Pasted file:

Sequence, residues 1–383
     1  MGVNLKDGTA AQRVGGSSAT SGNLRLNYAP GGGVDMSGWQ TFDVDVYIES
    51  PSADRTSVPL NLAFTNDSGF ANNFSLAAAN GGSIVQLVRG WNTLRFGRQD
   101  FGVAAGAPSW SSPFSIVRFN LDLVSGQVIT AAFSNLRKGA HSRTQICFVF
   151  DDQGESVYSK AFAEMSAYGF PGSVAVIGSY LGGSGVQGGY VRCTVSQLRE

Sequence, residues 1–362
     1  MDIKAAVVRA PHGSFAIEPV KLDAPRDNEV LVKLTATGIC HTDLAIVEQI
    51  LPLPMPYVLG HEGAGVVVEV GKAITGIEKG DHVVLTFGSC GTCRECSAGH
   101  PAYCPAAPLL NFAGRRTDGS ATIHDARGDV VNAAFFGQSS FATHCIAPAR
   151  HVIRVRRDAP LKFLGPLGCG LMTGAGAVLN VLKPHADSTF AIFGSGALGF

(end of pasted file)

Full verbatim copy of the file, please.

Sequence, residues 1–383
     1  MGVNLKDGTA AQRVGGSSAT SGNLRLNYAP GGGVDMSGWQ TFDVDVYIES
    51  PSADRTSVPL NLAFTNDSGF ANNFSLAAAN GGSIVQLVRG WNTLRFGRQD
   101  FGVAAGAPSW SSPFSIVRFN LDLVSGQVIT AAFSNLRKGA HSRTQICFVF
   151  DDQGESVYSK AFAEMSAYGF PGSVAVIGSY LGGSGVQGGY VRCTVSQLRE

Sequence, residues 1–362
     1  MDIKAAVVRA PHGSFAIEPV KLDAPRDNEV LVKLTATGIC HTDLAIVEQI
    51  LPLPMPYVLG HEGAGVVVEV GKAITGIEKG DHVVLTFGSC GTCRECSAGH
   101  PAYCPAAPLL NFAGRRTDGS ATIHDARGDV VNAAFFGQSS FATHCIAPAR
   151  HVIRVRRDAP LKFLGPLGCG LMTGAGAVLN VLKPHADSTF AIFGSGALGF